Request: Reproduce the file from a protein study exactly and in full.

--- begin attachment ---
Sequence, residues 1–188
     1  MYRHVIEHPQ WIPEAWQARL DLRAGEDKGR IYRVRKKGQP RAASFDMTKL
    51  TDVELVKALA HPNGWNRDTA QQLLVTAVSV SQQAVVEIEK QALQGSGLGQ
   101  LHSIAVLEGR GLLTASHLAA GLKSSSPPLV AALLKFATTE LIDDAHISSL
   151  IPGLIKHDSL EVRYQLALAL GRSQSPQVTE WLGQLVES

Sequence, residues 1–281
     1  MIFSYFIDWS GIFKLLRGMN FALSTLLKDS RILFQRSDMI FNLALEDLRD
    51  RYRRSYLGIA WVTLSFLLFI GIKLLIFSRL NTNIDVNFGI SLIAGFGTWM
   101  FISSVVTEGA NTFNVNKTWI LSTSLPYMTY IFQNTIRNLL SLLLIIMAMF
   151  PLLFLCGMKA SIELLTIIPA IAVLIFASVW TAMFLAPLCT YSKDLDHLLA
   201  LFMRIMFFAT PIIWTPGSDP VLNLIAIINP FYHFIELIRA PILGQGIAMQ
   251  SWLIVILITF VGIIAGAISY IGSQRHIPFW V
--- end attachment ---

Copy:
Sequence, residues 1–188
     1  MYRHVIEHPQ WIPEAWQARL DLRAGEDKGR IYRVRKKGQP RAASFDMTKL
    51  TDVELVKALA HPNGWNRDTA QQLLVTAVSV SQQAVVEIEK QALQGSGLGQ
   101  LHSIAVLEGR GLLTASHLAA GLKSSSPPLV AALLKFATTE LIDDAHISSL
   151  IPGLIKHDSL EVRYQLALAL GRSQSPQVTE WLGQLVES

Sequence, residues 1–281
     1  MIFSYFIDWS GIFKLLRGMN FALSTLLKDS RILFQRSDMI FNLALEDLRD
    51  RYRRSYLGIA WVTLSFLLFI GIKLLIFSRL NTNIDVNFGI SLIAGFGTWM
   101  FISSVVTEGA NTFNVNKTWI LSTSLPYMTY IFQNTIRNLL SLLLIIMAMF
   151  PLLFLCGMKA SIELLTIIPA IAVLIFASVW TAMFLAPLCT YSKDLDHLLA
   201  LFMRIMFFAT PIIWTPGSDP VLNLIAIINP FYHFIELIRA PILGQGIAMQ
   251  SWLIVILITF VGIIAGAISY IGSQRHIPFW V